You know your smartphone is doing well when 4 million people buy it in the first weekend and it temporarily sells out on all three of your carrier partners. (You can order one now from AT&T and Verizon, but Sprint is still catching up.) The overwhelming demand for the iPhone 4S is understandable, given the much-talked-about Siri voice-controlled assistant, as well as the device’s faster dual-core processor and fantastic 8-megapixel camera. But today’s top Android phones—such as the Samsung Galaxy S II—offer plenty of features you won’t find on Apple’s blockbuster sequel. How do you know which side to choose? Here’s my breakdown.
I would never call the row-of-icons interface on the iPhone 4S fresh, but its ease of use means a lot, especially to first-time smartphone owners. I can’t tell you how many times I’ve shown Android phones to people only for them to ask how to get to the apps. At the same time, iOS 5 catches up to Android with its Notifications area, which is cleanly designed and dynamic (thanks to the addition of weather and stock info).
However, some Android phones let you do more from the notification area. On the Samsung Galaxy S II, for example, you can toggle the wireless radios on and off. And on HTC Sense phones, you can switch between apps from this menu as well as tweak several settings.
The other edge Android has in the interface department is widgets, which allow you to access all sorts of info at a glance. Provided you put in a little effort, Android is more customizable. The problem with Google’s OS is that it’s so customizable for phone makers that the user experience can vary drastically from one phone to the next.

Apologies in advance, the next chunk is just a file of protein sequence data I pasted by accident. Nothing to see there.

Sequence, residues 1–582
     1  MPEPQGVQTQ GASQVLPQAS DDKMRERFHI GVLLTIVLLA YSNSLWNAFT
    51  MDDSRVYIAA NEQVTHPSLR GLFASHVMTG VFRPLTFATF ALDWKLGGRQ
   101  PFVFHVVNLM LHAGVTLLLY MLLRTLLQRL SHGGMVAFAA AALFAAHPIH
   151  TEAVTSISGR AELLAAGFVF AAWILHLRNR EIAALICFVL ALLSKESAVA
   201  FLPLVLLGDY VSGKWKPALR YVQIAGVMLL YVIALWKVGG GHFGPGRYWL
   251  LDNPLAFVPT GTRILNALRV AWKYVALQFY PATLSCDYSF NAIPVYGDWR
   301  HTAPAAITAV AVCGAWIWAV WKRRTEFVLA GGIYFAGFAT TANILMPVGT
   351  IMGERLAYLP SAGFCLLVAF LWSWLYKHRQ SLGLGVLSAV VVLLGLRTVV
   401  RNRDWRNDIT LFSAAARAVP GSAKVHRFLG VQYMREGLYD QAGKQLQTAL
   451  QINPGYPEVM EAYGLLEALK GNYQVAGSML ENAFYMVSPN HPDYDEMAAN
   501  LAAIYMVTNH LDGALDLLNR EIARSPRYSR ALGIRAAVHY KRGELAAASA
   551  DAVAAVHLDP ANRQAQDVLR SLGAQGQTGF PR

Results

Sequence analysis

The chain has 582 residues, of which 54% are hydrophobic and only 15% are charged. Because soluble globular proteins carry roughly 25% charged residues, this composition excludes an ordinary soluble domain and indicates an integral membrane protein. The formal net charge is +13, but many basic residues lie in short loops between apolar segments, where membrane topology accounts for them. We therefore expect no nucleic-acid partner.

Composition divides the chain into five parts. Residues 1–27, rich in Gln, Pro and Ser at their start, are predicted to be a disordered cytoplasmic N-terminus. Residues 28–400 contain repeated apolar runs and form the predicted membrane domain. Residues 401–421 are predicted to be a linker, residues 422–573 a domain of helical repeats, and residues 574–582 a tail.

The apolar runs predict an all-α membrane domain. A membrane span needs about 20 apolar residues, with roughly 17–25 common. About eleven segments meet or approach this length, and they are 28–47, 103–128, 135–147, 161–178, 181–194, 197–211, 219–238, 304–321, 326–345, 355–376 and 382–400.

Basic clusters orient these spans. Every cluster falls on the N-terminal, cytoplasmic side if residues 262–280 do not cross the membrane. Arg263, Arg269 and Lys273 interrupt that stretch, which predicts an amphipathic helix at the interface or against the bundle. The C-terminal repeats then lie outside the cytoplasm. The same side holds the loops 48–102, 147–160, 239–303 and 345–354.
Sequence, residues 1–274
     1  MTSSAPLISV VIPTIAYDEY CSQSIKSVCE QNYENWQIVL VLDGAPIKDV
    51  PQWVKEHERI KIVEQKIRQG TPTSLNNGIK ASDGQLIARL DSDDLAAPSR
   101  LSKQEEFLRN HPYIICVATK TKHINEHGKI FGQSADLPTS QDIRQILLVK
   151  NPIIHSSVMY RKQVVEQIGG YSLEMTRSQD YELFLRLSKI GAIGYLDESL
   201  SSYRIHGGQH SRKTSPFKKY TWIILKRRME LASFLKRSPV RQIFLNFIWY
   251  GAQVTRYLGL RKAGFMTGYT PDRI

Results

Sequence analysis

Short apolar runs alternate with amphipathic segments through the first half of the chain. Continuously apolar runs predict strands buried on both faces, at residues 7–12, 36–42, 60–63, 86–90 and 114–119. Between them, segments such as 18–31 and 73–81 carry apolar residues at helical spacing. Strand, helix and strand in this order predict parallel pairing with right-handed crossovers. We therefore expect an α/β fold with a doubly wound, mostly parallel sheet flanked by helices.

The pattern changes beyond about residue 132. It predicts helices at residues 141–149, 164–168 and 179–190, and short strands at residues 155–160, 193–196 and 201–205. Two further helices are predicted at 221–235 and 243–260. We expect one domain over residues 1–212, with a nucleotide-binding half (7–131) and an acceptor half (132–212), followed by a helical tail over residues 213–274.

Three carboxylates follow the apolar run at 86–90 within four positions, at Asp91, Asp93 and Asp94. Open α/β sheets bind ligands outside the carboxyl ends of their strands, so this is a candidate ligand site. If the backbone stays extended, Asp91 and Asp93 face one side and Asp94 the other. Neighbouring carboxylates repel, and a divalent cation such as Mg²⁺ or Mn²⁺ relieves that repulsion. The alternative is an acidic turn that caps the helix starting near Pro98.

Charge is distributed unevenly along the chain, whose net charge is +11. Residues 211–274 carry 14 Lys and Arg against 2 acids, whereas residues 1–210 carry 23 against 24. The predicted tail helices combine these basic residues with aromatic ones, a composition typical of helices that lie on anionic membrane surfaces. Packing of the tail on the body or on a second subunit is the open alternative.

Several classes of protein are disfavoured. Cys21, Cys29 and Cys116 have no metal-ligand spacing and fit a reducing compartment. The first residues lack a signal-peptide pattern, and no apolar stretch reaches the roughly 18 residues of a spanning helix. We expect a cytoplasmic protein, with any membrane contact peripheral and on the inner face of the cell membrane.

Winner: iPhone 4S. While Android is more flexible, it can also be more confusing. Simplicity wins this round.
Just as with the iPhone 4, it’s easy to switch between apps on the iPhone 4S. You just double-press the home button and swipe to either side. To shut down apps, you press and hold the screen and then tap the X next to an app’s icon. Because most apps are suspended when they’re not open, you don’t really need to worry about them zapping battery life.
Today on Android, you must long-press the home button, but you might only see a subset of all of your running apps—and you can’t close programs from this view. Android Ice Cream Sandwich will offer a better user experience, with a Recent Apps button that displays live thumbnails of your running apps. And you’ll be able to dismiss apps with a swipe.
Winner: iPhone 4S (for now). But it looks like Android 4.0 will put Google’s phones ahead.
One of the chief complaints people have about the iPhone 4S’ screen is that it’s the same size of the original iPhone’s: 3.5 inches. But what many don’t realize is that this LCD’s resolution is higher than the vast majority of Android phones. The display is not only crisper but brighter than most of the Android competition.
On the other hand, bigger screens are just easier on the eyes, and they don’t force you to zoom in as much to read text. And although they’re not as bright, the Super AMOLED displays on phones such as the Galaxy S II and the Droid RAZR offer better contrast and more vibrant colors, making them great for watching movies. The upcoming Samsung Galaxy Nexus will up the ante on with the first HD display (1280 x 720 pixels).
Winner: Draw. The iPhone 4S has the superior display right now in terms of detail and brightness, but some shoppers just prefer a larger screen.